Colour management for black and white

Colour management for black and white
News

There’s nothing that quite competes with a good black and white image. Remove the colour, and it’s down to the shadow, highlight and tone to reflect the mood.

As you get into monochrome, you realise what a distraction colour can be. A successful black and white make the most of tone and light and in many cases can create a far more emotive image than its colour equivalent.

Today we almost all shoot digital, and while there are black and white digital cameras out there, the Leica Monochrom being the most prevalent, these cameras are not in the mainstream.

However, if you want to shoot black and white, then many cameras will have a monochrome mode or image applied effects.

Fujifilm cameras are exceptionally well equipped, with sets of tradition monochrome Fujifilm stocks that can be applied to jpegs.

Fujifilm even gives you the option to apply these effects to their RAW files through the RAW conversion software.

While many cameras will have a black and white mode, in most cases the image captured will be a JPEG, with an in-camera effect applied.

If you want to shoot black and white, then it’s better to shoot in RAW. These files may be in colour, but with more image data, there’s more latitude for adjustment.

It’s then a case of using your image development software such as Lightroom or a dedicated filter set such as DxO SilverFX to make the monochrome conversion.

Being able to convert a colour image to black and white should be easy, after all, you’re just stripping away the colour. But, as with colour, correct colour management is essential.

Why do you need to manage colour for black and white?

The basic principles of colour management are the same for both colour and black and white imagery. You need to be sure that the monitor is displaying the correct colour, tone, brightness and contrast.

Colour management for black and white

If your monitor is too bright, then it’s likely that the image on the screen is going to be showing you shadow detail that doesn’t exist and when it comes to printing it’s going to print dark.

While an overly bright monitor is bad for colour, it’s worse for black and white as issues with shadows and highlights are far more apparent.

Likewise, with the colour that’s captured, those different colours in your image will display as different tones when converted to black and white. Therefore you want to be sure that the tones you’re seeing and adjusting on screen are correct.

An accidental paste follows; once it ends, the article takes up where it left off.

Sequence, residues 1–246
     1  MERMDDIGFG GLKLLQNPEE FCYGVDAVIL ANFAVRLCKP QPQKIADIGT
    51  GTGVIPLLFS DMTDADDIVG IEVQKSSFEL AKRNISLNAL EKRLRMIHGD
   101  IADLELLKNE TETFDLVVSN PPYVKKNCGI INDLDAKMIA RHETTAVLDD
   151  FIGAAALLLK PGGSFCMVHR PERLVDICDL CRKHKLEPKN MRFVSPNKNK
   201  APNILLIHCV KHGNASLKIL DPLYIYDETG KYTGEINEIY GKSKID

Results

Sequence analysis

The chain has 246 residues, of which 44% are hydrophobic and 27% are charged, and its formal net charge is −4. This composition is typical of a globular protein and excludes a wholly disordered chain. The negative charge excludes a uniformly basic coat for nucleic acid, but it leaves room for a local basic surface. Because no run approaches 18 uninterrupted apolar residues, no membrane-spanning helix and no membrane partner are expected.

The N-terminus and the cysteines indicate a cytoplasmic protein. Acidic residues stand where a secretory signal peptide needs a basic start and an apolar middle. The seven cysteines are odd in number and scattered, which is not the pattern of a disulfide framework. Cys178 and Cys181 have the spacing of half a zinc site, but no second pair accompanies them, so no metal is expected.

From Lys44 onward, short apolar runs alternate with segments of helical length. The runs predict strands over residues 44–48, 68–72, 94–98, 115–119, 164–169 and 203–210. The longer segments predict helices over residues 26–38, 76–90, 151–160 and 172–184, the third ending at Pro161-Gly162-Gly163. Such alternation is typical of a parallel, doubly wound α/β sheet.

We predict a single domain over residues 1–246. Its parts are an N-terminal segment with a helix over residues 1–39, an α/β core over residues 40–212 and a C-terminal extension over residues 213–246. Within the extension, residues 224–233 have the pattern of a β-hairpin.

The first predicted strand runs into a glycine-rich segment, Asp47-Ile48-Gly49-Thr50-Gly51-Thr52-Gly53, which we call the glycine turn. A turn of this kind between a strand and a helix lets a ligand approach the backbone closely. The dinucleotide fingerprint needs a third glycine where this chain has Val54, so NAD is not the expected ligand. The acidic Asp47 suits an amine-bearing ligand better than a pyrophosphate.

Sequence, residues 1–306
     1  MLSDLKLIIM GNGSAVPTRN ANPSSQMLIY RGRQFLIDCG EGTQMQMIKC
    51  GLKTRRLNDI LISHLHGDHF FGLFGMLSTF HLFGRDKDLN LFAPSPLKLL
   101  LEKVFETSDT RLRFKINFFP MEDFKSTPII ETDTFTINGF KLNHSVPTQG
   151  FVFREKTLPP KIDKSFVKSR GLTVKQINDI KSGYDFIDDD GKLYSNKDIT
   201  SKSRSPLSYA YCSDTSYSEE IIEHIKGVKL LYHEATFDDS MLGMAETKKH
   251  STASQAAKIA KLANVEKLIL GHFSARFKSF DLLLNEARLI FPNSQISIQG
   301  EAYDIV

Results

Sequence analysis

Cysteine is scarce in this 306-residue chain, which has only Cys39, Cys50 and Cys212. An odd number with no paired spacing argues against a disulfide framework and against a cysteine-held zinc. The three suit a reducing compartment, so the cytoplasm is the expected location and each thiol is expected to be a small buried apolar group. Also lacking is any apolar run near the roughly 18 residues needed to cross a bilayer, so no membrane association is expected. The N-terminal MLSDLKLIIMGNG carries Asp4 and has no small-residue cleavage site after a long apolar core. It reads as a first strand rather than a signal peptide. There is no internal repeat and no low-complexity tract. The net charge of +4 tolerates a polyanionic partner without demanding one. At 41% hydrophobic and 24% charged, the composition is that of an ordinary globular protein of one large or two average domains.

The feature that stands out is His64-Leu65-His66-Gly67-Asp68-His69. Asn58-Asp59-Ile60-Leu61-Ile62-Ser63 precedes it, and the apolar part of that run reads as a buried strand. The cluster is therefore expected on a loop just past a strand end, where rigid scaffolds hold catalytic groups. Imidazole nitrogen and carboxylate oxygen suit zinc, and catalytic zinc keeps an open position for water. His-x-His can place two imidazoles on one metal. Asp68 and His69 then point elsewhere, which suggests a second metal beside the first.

Calibrating your monitor is the first step when it comes to enhancing black and white images. Essentially making sure that the monochrome image you see on screen is monochrome.

Once the monitor is calibrated, then it’s time to look at your output, and this is where there is a difference between colour and black and white management.

As with colour printer calibration, a SpyderPrint is essential to ensure that the printer is outputting correctly.

Then with the SpyderPrint software loaded and SpyderPrint hardware attached you can select from a series of colour charts.

Amongst these are several that have been designed for black and white photography. These greyscale charts can be printed in the same way as standard charts and are then scanned with the hardware to create the black and white print profile through SpyderPrint.

The process does take a while and involves you manually scanning the print, but it will make a real difference to the print quality.

Using the spyderPrint will fine-tune the settings of the monitor, printer and most importantly paper, so that brightness, tone and contrast match.

Each paper you use will react to the inks differently, so a separate profile must be made for each paper stock you use.

Black and white printing is incredibly satisfying, and with the assistance of the SpyerPrint, you can produce incredible results.

As with colour photography, colour management for black and white is essential. Done right good black and white colour management will ensure you produce striking monochrome prints every time.

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